The manifestation of fear we’ve seen from a stereotypical Trump supporter is hugely different than the kind of fear and anger that motivated Occupiers in Zuccotti park, but is it really at its core all that different? Maybe we can’t find common ground in what we fear or how we fear, but can we find common ground that we fear? Can we all challenge ourselves to do what so many couldn’t in the last eight years and look beyond our fears to translate our emapthy into real concrete action and policy?
When Trump glided down that escalator, I not so secretly hoped he would win the GOP nomination so that he could get crushed in the general. “Finally”, I said, “finally someone can unambiguously force the GOP to see what so many of us see when we look at their policies and values.” The election result made me realize that this is not work that we can ask only half the country to do. I’ve been in a very introspective place for the last week and I have come to accept that I did not do enough.
It seems so obvious in retrospect: why would being informed, voting, and tending to your local community ever be enough in a country to vast and so diverse that few among us can hope to ever even see more than a fraction of it? What did that do to really engage with the deep divides that we talk and feel so passionately about? What did “being right” do to help people those so lost in their fear that they cling to it and act in ways that are so wrong?
Truly meaningful change is hard and it rarely feels good to get into bed with. But right now, we collectively don’t have a choice but to lean the fuck into it. I know I’m going to. I don’t know what my specific contribution will be just yet, but all I know is that I never felt more compelled to put my money where my mouth is than right now. If that means moving to Kansas and running for dog catcher so that I can be a voice for change in an otherwise red district, so be it: this all needs to be on the table now. Forget my cozy liberal enclaves I’ve lived in all my life, it’s time to get my hands dirty and make some changes. Maybe it means more traditional political activism. Maybe it means finding something else entirely. I don’t know what my answer to this is yet.
This is NOT normal. This isn’t “my gal didn’t win”. This is horribly frightening. The best case scenario here is having someone with no moral compass, no convictions, no experience, no allegiance, no empathy, and no dignity taking on the task of learning to be our representative to a planet with deep turmoil and painful wounds that millions of better men and women haven’t solved yet. All the while hoping that he can be expected to resist his and his entourage’s darker impulses to wantonly exercise the immense economic, social, and military arsenal at their disposal. Make no mistake, we are all right to be concerned and we need to recognize that what we are facing is unprecendented and terrifying.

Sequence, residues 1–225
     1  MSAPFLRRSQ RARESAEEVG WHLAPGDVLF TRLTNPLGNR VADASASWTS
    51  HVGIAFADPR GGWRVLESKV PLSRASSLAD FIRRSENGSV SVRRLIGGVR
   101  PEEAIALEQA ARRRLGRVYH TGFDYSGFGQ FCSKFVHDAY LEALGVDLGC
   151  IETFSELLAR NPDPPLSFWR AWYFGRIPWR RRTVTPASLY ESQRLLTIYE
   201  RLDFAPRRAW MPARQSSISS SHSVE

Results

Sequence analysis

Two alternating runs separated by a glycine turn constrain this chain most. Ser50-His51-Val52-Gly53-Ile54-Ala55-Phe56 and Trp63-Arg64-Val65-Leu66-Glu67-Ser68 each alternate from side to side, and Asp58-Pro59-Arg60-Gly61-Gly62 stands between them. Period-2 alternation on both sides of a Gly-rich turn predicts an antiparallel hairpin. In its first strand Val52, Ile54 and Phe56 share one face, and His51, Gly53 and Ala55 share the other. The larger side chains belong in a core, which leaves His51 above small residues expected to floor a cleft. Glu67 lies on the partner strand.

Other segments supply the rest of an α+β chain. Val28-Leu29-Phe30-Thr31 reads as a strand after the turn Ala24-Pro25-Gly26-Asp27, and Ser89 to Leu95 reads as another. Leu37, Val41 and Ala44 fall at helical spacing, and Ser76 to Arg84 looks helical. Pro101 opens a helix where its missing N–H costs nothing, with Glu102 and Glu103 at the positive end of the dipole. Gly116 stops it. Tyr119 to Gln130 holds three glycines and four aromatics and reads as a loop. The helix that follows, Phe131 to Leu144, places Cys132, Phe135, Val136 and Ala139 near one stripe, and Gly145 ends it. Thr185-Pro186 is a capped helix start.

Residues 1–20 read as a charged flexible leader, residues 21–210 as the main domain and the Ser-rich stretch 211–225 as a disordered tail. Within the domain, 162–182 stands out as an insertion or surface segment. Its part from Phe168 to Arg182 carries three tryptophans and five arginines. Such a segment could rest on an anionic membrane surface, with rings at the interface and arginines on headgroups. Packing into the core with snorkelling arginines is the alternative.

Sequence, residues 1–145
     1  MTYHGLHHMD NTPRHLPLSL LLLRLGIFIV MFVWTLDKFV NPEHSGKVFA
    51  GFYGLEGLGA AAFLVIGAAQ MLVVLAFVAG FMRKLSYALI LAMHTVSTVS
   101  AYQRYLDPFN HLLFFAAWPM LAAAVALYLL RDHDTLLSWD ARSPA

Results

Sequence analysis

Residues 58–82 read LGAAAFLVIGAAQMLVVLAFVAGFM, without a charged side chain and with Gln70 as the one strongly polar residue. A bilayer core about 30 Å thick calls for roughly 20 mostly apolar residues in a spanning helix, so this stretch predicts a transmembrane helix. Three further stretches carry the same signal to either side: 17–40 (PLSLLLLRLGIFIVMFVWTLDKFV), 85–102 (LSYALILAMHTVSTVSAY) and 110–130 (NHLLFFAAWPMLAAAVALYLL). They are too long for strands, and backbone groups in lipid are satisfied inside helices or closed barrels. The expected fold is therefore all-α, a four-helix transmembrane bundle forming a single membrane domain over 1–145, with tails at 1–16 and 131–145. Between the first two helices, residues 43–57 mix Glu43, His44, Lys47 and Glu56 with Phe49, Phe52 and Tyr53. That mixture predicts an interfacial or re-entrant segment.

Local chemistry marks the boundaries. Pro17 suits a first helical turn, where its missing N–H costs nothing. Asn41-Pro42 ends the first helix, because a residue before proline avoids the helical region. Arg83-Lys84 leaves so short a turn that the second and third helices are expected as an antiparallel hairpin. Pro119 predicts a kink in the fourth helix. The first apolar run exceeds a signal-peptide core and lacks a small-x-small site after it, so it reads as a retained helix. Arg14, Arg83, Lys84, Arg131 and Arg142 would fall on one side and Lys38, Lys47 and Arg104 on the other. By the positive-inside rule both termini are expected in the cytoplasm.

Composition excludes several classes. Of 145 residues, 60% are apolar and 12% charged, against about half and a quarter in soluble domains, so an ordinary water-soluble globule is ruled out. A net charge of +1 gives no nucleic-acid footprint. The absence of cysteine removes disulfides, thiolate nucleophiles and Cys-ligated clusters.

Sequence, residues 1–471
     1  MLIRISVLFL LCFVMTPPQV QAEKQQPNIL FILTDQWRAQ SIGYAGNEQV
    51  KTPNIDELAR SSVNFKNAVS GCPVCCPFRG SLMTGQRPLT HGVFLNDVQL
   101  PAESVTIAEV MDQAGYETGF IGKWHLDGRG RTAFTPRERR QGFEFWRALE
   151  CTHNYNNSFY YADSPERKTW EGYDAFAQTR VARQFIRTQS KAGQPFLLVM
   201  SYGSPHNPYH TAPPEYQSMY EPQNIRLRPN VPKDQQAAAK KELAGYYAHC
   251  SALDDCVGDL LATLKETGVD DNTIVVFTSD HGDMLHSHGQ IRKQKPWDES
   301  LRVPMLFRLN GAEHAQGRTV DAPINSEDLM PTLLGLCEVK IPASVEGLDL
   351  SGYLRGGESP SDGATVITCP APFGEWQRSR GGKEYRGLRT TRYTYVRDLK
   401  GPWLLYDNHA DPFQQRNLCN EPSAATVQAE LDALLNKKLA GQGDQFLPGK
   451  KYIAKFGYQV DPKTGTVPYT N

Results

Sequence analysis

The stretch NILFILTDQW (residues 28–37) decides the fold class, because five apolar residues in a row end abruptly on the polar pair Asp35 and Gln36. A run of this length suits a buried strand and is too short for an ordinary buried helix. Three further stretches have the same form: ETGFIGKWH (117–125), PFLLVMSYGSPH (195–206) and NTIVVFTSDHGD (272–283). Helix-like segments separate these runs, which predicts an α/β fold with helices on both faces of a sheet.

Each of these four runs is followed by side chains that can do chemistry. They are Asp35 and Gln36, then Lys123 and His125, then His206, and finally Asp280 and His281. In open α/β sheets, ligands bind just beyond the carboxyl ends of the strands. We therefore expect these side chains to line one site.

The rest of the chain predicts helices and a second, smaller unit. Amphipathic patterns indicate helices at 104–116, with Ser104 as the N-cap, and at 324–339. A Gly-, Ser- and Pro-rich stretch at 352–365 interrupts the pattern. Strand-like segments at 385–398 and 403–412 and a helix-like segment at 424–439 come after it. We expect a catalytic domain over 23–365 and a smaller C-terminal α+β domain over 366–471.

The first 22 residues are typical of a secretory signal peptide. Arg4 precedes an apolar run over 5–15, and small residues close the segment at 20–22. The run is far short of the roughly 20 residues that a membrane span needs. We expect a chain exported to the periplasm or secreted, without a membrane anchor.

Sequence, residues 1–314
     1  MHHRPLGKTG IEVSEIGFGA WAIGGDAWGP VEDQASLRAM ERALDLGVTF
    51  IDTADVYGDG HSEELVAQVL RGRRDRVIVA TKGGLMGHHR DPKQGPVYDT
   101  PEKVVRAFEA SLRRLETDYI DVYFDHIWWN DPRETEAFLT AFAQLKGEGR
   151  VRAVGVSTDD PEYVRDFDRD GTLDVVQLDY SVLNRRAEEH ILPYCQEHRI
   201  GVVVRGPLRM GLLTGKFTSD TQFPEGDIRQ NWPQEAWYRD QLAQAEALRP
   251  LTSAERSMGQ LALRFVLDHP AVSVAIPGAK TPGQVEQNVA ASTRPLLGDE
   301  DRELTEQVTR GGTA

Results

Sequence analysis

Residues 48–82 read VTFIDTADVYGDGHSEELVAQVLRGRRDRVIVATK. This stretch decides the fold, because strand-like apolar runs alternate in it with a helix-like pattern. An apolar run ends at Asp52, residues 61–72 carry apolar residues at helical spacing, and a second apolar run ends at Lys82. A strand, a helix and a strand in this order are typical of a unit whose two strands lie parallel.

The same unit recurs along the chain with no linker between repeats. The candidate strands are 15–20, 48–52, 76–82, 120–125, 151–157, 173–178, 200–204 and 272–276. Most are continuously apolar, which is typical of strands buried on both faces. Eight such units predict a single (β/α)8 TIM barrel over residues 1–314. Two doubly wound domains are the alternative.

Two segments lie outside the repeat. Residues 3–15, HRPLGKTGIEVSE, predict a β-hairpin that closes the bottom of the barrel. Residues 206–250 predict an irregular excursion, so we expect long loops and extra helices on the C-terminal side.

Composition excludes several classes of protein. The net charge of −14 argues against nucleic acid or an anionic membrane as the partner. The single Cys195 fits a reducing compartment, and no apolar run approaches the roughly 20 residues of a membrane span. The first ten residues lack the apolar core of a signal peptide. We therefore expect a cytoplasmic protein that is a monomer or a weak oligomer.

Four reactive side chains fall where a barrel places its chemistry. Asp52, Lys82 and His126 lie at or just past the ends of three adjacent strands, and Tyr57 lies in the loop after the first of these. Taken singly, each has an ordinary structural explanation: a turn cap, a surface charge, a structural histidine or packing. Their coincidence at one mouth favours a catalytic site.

I have little hope that Trump will be anything other than a disaster but I am hoping that he becomes the most important president we’ve ever had. I hope he’s the one that teaches all of us the cost of not being able to lead with love. So please, let’s get through the next four years by being better, kinder and wiser than what we saw from congressional republicans for the last eight years. Resistance is not the same as intransigence. Take a page from Cory Booker’s incredibly necessary playbook and work to find ways to love together as a country again. Maybe start with finding a way to love the world around you for a minute instead of just being afraid of and for it.
It’s stomach turning: Trump is going to be our president. Protest what he represents. Protest what he does. Protest what he says he will do. Figure out what you’re willing to do and sacrifice to really make the world a better place. But never lose sight of the fact that this fear that we feel right now is how a lot of people have felt for 8 years, however irrational and alien it seemed to you before. Fear paralyzes. Hatred narrows. Fear cannot be an excuse to hate, but to not acknowledge that fear is real it is to never heal it. You cannot invalidate the experiences of half of the people around you and expect them to want to work with you.
Love. Commitment. Sacrifice. Those are the antitodes to fear. I am heartened that there is so much of these qualities on display from so many protestors lately. Let us please hang on to that, because it’s going to get a lot worse before it gets better.